by Design: Wilderness Philosophy
- Excitement about course, ENED 4601—Wilderness Philosophy
- Colleague on sabbatical…new opportunity!
- New responsibilities…Undergraduate Coordinator
- EdD…You all get this!
Important early considerations from the text:
- Early in the text, Understanding by Design, the
authors warn us that UbD is not a prescriptive program, but rather…a way of thinking more purposefully and carefully about the nature
of any design that has understanding as a goal. Rather than offering a step-by-step
guide to follow—something that is antithetical to good design, whether in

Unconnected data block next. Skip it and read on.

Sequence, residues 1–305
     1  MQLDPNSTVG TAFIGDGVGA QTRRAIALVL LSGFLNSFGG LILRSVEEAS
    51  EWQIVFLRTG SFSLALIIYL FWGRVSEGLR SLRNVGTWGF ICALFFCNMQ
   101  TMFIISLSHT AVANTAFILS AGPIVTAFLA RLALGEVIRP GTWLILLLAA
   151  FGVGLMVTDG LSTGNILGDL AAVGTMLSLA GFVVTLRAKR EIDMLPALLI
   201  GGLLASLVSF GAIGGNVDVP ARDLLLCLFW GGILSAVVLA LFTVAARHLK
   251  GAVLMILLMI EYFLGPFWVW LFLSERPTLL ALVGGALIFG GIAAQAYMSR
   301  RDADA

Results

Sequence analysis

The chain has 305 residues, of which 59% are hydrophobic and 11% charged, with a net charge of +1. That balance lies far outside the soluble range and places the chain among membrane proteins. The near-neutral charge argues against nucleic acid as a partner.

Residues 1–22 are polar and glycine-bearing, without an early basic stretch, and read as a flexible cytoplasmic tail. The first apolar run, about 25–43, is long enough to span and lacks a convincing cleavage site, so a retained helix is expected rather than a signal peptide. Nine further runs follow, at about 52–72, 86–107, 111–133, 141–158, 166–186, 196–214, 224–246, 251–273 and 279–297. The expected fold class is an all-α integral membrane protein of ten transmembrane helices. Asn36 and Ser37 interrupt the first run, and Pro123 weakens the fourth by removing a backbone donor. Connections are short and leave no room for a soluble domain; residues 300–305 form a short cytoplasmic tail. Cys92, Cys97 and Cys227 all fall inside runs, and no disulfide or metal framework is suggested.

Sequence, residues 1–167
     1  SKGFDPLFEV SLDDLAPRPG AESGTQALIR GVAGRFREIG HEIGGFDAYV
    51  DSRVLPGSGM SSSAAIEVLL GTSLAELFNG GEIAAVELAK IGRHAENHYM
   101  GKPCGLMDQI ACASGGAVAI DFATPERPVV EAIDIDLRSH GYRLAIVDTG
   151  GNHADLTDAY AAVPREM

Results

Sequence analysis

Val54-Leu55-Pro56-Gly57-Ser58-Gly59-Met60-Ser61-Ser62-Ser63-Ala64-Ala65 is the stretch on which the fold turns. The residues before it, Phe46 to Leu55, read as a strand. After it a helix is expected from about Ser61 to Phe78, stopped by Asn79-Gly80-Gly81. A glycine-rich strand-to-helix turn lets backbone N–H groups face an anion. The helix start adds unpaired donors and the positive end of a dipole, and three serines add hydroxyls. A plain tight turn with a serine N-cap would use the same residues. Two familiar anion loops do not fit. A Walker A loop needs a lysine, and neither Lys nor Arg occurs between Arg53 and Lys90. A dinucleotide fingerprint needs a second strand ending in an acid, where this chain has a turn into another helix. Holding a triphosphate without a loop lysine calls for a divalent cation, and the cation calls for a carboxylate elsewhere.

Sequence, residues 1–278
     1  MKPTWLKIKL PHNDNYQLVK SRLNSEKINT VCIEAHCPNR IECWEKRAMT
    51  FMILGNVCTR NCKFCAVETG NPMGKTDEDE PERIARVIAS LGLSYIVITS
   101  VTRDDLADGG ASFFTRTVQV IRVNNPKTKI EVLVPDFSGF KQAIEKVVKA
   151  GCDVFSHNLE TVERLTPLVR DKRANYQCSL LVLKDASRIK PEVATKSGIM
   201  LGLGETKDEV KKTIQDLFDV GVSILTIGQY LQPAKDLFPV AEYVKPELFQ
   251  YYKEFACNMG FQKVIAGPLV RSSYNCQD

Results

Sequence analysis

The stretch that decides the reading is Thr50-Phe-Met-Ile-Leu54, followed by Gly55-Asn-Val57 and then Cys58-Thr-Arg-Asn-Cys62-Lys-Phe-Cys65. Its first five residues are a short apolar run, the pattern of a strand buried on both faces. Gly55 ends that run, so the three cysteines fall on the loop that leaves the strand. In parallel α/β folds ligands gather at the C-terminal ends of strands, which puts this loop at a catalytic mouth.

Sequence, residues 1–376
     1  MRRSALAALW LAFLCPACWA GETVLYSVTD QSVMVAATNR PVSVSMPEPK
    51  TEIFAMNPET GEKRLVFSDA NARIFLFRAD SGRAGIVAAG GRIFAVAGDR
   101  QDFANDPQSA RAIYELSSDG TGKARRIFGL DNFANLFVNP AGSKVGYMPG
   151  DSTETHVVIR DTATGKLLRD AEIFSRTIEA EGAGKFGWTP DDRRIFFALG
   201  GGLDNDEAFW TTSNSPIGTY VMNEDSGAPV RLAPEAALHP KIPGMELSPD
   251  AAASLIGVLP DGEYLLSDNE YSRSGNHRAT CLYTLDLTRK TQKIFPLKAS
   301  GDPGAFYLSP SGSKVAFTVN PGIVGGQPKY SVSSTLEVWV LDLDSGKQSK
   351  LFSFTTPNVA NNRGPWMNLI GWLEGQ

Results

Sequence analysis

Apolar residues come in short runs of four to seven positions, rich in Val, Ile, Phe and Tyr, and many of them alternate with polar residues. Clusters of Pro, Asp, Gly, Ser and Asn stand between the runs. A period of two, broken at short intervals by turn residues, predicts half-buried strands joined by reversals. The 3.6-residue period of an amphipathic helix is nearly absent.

education or in architecture—the book provides a conceptual framework, many
entry points, a design template, various tools and methods, and an accompanying
set of design standards. (p.7) I liked the idea of teachers
as designers as presented in Chapter One…and
I felt that I had good ideas and enthusiasm to create something meaningful…but
had I done that? i.e. was I in the process of doing
that with my Wilderness Philosophy class?
Ok, license to interpret and use my own ideas
- Wiggins and McTighe warn
us that the backward design approach may seem awkward and time consuming until we get the hang of
it…yet my discontent seemed like a great opportunity for me to experiment.
- Right from the start of my reading in Wiggins and
McTighe I used the example of my Wilderness Philosophy
as a metric—i.e. I compared my
current actions against the ideas I was exploring in the text.